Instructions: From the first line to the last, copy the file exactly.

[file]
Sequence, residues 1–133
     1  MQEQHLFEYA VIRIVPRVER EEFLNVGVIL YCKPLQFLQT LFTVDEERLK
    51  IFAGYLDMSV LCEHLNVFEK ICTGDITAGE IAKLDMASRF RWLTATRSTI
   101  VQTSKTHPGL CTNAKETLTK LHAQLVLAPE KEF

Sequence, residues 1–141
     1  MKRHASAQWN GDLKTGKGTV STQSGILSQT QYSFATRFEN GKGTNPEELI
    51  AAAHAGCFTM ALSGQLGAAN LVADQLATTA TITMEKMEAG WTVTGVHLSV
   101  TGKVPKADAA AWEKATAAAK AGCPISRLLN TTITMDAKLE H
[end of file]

Sequence, residues 1–133
     1  MQEQHLFEYA VIRIVPRVER EEFLNVGVIL YCKPLQFLQT LFTVDEERLK
    51  IFAGYLDMSV LCEHLNVFEK ICTGDITAGE IAKLDMASRF RWLTATRSTI
   101  VQTSKTHPGL CTNAKETLTK LHAQLVLAPE KEF

Sequence, residues 1–141
     1  MKRHASAQWN GDLKTGKGTV STQSGILSQT QYSFATRFEN GKGTNPEELI
    51  AAAHAGCFTM ALSGQLGAAN LVADQLATTA TITMEKMEAG WTVTGVHLSV
   101  TGKVPKADAA AWEKATAAAK AGCPISRLLN TTITMDAKLE H